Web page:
The Art of Natural Dressage

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 Post subject: Donald Watson
PostPosted: Sat Oct 24, 2009 7:50 pm 

Joined: Wed Aug 08, 2007 10:10 am
Posts: 184
Location: Barcelona, Spain
- the founder of Veganism, gave a long interview in 2002 - he was 92 at the time. It's finally been transcribed and made available:

http://www.abolitionistapproach.com/med ... erview.pdf

It's a fascinating document, a real glimpse of the past and human-animal relations in the English countryside in the 1910's. I haven't finished it myself yet, but I thought others would like to get stuck in asap. The only proviso to further diffusion is that it should be relayed in its entirety.
How many animals must this man have saved!
Enjoy.

Rita

_________________
"There is always an alternative to every cruel act".


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 Post subject: Re: Donald Watson
PostPosted: Sun Oct 25, 2009 2:22 am 

Joined: Fri Nov 07, 2008 2:02 pm
Posts: 1072
Location: UK Worcester/Hereford border
Thanks Rita, I read all of the pages, although publishing and which type and art to use may well make sensible points, I should have liked for Mr. Watson to have explained more about his understanding of raw foods and digestive health. Or perhaps the editor to have expanded the benefits to human health, as well as less animals being kept or fed in pasture for final use in the food chain. Perhaps also including the need to retain stock sized fields rather than the prairies for corn growing. Although tractor mechanisation is aimed at hedgeless, beetle-less borders and single owner or corporation owned, vast farms, since small farms are not viable in cereal production, (if at all in the UK these days.)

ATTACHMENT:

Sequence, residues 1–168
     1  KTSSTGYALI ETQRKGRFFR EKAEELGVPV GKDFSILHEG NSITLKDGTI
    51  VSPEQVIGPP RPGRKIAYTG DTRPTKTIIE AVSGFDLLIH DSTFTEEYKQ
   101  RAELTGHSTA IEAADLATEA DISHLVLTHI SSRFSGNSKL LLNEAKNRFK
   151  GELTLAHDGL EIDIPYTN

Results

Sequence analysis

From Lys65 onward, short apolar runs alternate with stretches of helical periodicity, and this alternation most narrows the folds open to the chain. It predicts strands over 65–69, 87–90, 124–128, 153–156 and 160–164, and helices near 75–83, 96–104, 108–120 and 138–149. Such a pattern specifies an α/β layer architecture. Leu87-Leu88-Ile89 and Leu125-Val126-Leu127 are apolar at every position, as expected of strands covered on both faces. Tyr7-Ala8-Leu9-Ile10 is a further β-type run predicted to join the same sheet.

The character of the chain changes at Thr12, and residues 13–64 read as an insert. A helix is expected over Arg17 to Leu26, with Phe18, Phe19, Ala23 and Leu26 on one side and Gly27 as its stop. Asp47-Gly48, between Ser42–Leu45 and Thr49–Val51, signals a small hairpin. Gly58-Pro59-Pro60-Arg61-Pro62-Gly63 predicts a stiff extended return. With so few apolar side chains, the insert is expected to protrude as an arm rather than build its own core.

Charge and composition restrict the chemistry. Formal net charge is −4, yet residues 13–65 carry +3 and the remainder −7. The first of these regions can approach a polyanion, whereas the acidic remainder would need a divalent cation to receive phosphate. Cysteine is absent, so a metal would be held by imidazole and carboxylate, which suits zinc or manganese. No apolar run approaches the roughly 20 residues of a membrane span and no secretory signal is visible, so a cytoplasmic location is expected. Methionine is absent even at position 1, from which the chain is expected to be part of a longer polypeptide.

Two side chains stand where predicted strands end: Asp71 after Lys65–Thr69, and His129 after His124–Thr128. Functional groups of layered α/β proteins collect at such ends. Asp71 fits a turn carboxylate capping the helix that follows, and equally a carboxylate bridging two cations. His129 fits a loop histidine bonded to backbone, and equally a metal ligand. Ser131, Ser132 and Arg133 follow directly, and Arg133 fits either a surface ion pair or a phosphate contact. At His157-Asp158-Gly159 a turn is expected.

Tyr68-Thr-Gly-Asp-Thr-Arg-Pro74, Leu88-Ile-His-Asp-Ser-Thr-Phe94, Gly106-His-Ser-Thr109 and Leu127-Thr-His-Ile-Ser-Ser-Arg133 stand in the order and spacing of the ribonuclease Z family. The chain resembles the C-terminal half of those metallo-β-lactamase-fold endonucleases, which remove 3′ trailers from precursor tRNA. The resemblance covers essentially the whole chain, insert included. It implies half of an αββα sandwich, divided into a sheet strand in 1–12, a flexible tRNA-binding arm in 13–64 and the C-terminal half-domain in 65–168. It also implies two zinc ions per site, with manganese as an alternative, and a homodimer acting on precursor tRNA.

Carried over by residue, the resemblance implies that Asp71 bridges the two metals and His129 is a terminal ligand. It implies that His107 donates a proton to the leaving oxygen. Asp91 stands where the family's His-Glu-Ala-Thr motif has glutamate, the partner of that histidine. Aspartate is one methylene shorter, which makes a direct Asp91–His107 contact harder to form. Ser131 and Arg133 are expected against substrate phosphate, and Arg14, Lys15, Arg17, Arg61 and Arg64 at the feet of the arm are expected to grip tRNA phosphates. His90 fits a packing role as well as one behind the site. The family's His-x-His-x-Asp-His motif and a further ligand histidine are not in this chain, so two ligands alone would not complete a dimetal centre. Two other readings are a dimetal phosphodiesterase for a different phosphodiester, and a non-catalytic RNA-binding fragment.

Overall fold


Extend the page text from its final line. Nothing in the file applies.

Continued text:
Certainly re-afforestation is required, yet the want of not using oil products for supermarket packaging, leads to thousands of acres of virgin forest in Madagascar, destroyed to grow plants for packaging.

The newer varieties of wheat for bread are higher yielding but roots function less well than 60 years ago, and less mineral content is included in flours today than in the past. Selenium and magnesium are frequently deficient in UK wheat, zinc may also need to be gained from other fruit and salad plants. Older varieties of crops were richer in nutrients. More people in the UK today live without a garden, since developers like to build apartments, rather than family homes with a vegetable plot. Fresh local produce commands a premium price, so the majority of people drive to the supermarket and buy vegetables which are picked before they are ready, shipped hundreds or thousands of miles, and which often lacks the vitamins they hope to benefit their families health by providing.
Africa has had many of it's countries hit by drought and yet the aid from foreign governments is aimed at changing millet to maize, which survives less well and fails more frequently. (Of course some of the big GM companies want money from the aid programme to provide seed and then finance stays in the country purporting to be giving. Or perhaps exchanged for valuable mineral extraction rights. Oh dear, my cynicism level is too high this evening.)

Still as many questions as answers, but I am very respectful of those who live without meat, fish, milk, wool, leather. It is to be aspired to.

My own hens are not eaten, when they die their little bodies are left under the hedge at the bottom of the field for the vixen to take in the night, and whilst they live, wander free-range, and lay, I enjoy the eggs from the nest boxes. In return they have corn, linseed, they like a little soaked sugar beet and anything else offered, as well as scratching for worms in the soil and turning the muck heap over and helping to compost it.